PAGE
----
Science Service undoubtedly increased public appreciation of science in the 1920s, though to what extent is almost impossible to say. Certainly the fact that its news stories were used by over one hundred newspapers, with readers numbering almost one-fifth the total circulation of the American press, indicates that the Service had cultivated a substantial audience by the end of the decade. 203 One should remember, of course, that when Science Service was founded in 1920, popular interest had already been aroused by the dramatic war-time applications of science, the radio craze, and the relativity controversy, and thus the Service's contribution was not so much in stimulating public curiosity as in nurturing it. Whether the scientists' postwar concerns of establishing financial support and public sympathy for science were fully realized is less certain. In regard to establishing "adequate support" for science, the impact of Science Service is extremely difficult to evaluate, though of certain facts we may be sure. Funding for scientific research did increase in the 1920s; the number of industrial research laboratories, for instance, more than tripled. 204 However, an ambitious drive begun in 1925 to establish a National Research Endowment of twenty million dollars had collapsed by 1932, the victim of the Depression and other complex factors. 205 Though popularization may have contributed to securing financial support for science in a minor, indirect way, it very definitely did not produce "money by the million and the billion" as John J. Carty had anticipated. 206 Whether Science Service helped make science "duly appreciated," in the sense of making the public think more scientifically and less irrationally, is equally difficult to determine. Edwin Slosson, during his last years of life, claimed he could find no signs of improvement in American culture. In his first annual report to the board of trustees in 1921, he had called attention to "the wave of superstition and reaction which is now sweeping over the world . . . . 207 At that time some of the trustees regarded his opinion as overly pessimistic, but near the end of the decade, Slosson observed that this reactionary movement had developed far more rapidly than he had foreseen, as manifested by the conviction of John Scopes in 1925 for teaching the theory of evolution. 208 Slosson was deeply disturbed by the growing number of anti-evolution laws around the country, and when the famous controversy at Dayton, Tennessee, took place, he initiated in Science News-Letter a series of articles by various biologists entitled "Evidence for Evolution," sent Watson Davis and Frank Thone to cover the trial, and personally assisted in coordinating the testimony to be given by leading scientists on the validity of evolution. Slosson was frequently in contact with Clarence Darrow during the trial, helping arrange the scientific defense, though their efforts proved fruitless since the judge refused to allow the scientists' testimony to be heard. When Scopes was finally convicted, Science Service sponsored a fund-raising drive to help send him to graduate school. 209 After Scopes' defeat and the passage of anti-evolution laws in other states, Slosson saw little hope for civilization, concluding that "the anti-scientific spirit still prevails and superstition continues to advance. 210 Edwin Slosson died on October 15, 1929, unable to discern any encouraging signs in American life, and if he had lived to see the Stock Market crash on October 24, only nine days after he died, he undoubtedly would have believed that his most dismal prophesies had been fulfilled.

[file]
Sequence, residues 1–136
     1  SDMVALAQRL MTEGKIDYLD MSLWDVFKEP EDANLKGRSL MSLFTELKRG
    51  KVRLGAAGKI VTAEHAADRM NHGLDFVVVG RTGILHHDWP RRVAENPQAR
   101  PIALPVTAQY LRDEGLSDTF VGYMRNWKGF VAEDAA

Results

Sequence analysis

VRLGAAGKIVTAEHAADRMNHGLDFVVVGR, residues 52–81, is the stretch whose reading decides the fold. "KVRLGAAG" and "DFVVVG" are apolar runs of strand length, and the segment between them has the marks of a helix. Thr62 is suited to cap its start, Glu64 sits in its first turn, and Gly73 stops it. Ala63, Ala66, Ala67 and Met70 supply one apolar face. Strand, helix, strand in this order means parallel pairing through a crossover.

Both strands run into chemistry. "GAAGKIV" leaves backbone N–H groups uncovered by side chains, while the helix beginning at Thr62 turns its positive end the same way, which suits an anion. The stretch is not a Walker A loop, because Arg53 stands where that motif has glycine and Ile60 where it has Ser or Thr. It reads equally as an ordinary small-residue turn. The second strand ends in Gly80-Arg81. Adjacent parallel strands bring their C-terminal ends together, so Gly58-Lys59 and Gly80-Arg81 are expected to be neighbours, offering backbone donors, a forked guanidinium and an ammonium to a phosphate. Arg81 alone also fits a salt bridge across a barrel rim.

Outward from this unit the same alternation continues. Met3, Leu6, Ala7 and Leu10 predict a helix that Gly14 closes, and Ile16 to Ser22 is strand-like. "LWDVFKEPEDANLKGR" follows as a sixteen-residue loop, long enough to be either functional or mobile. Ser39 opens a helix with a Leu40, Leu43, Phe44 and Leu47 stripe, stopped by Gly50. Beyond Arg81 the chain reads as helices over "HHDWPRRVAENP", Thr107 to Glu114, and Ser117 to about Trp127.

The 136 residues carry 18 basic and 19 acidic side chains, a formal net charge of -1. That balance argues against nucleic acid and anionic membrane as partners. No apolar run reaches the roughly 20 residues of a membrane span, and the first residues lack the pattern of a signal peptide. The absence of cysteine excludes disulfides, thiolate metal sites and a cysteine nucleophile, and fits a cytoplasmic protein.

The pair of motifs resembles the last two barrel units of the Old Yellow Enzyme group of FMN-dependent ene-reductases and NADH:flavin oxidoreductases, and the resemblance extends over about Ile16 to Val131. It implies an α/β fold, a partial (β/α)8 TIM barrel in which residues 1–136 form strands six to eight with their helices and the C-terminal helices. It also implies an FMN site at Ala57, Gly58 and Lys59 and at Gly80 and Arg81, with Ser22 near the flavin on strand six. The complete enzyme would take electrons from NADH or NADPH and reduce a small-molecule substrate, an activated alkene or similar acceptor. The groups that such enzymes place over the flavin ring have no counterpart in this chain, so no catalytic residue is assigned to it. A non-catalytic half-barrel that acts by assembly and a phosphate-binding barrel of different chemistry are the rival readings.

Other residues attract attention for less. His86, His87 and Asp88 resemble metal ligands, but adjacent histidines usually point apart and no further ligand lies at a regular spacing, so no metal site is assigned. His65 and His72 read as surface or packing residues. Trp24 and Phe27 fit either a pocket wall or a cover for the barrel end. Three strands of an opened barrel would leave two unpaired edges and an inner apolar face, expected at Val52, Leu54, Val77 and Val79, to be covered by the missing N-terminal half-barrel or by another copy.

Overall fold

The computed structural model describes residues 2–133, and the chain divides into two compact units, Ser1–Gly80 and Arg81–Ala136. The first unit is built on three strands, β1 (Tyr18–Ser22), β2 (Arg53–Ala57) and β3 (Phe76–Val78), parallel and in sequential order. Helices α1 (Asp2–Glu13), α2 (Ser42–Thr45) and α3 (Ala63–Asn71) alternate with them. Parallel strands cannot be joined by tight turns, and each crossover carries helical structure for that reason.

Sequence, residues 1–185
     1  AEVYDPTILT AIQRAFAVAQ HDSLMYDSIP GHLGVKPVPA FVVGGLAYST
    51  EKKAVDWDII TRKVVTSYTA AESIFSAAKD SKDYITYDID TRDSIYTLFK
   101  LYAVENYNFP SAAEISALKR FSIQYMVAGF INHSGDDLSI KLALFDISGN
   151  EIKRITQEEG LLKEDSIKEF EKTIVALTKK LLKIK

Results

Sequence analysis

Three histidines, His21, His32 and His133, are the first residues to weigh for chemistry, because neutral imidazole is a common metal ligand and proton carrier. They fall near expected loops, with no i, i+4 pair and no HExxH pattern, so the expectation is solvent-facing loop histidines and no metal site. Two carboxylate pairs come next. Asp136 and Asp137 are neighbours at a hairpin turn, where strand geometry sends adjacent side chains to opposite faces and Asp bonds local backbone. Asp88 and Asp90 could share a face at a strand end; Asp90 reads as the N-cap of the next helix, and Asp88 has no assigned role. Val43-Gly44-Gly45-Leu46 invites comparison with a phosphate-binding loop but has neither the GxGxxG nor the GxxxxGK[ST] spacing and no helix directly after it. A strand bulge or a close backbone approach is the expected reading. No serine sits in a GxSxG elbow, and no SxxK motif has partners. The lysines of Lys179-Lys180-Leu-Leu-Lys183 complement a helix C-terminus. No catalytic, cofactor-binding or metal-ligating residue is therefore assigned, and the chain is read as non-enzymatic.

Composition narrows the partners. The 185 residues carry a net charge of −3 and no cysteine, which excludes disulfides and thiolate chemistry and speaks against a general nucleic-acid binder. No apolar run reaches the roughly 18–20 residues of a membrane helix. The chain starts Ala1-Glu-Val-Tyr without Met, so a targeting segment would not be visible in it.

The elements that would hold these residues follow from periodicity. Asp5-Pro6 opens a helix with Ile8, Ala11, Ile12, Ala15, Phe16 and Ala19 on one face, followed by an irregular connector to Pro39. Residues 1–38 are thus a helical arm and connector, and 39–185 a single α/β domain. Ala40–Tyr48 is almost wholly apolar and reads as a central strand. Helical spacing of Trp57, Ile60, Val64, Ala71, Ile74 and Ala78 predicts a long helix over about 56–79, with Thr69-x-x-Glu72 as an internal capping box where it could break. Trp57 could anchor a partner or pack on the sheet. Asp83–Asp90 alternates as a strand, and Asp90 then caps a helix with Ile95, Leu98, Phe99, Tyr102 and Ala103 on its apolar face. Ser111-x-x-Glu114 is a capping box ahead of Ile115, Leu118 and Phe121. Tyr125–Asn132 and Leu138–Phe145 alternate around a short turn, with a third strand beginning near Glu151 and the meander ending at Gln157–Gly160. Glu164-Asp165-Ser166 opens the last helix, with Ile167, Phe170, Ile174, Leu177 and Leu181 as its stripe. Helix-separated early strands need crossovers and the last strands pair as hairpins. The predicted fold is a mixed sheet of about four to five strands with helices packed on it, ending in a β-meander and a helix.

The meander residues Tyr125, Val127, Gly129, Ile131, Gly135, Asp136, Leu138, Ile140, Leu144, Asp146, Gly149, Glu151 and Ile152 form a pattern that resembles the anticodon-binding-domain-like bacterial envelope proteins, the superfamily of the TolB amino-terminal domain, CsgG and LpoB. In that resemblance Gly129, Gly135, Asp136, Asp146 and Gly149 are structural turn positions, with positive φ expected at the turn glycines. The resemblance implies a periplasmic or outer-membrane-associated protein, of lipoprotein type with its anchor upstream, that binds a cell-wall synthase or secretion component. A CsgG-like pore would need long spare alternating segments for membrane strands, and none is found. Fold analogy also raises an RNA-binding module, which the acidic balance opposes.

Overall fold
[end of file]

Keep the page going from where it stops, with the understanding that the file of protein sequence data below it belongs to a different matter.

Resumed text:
We may conclude, then, that Science Service truly did constitute a new voice for science in its unprecedented dedication to accurate and authoritative reporting of scientific news. After the founding of Science Service in 1920, the popularization of science could no longer be equated with the vulgarization of science. However, Science Service was a voice which, because of its close ties with a conservative scientific community, became a spokesman for the ideological commitments of that community, to solicit support for the advancement of science and to encourage scientific thinking in the public mind.

That a disturbing element of elitism was implicit, if not always explicit, in the scientists' two concerns of postwar popular science is readily apparent in almost any of Edwin Slosson's writings. Slosson and many other scientists of the 1920s clearly viewed themselves as the advance guard of civilization, whose moral obligation was to lead the inferior "multitudes" down the "safe blazed paths" of science, as Watson Davis so aptly phrased it. 211 Accordingly, any movement that threatened to impede the march of scientific progress, be it racial mixing, abstract art, or a revival in astrology, was labeled as antiscientific, irrational, and hence immoral.

In a sense, however, Slosson's elitism was justifiable in that the vast achievements of science in the early twentieth century did seem to promise a better world, an "Era of Enlightenment" as Slosson called it, in which man would be freed from the tyranny of hard labor and encrusted prejudices. And Slosson and his fellow scientists can hardly be blamed for propagandizing on behalf of the instrument which they believed would usher in this new era, or for spreading the gospel to those whom it might greatly benefit. Yet it would seem that a truly popular science should do more than just proselytize. As Oscar Handlin has perceptively remarked in his essay on science and popular culture, "the profound uneasiness about the consequences of the new ways of knowing will be quieted only if science is encompassed within institutions which legitimate its purpose and connect its practitioners with the populace. 212 While Science Service should be regarded as a first, significant step toward the development of such an institution, in the 1920s it fell far short of establishing a genuine rapprochement between science and the public. Even though Edwin Slosson, in his first annual report to the trustees, disclaimed any intention of leading Science Service on a crusade against the anti-scientific spirit, as the decade wore on his evangelistic inclinations increasingly swayed his writings and the policies of Science Service in that direction. 213 So intense was his vision of a world remade by science, and so fervent was his desire to implant that vision in the mind of the "multitudes," that the popular science of Science Service under Edwin Slosson came remarkably close to resembling the sermons of a former chemist.

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Copyright David J. Rhees, 1979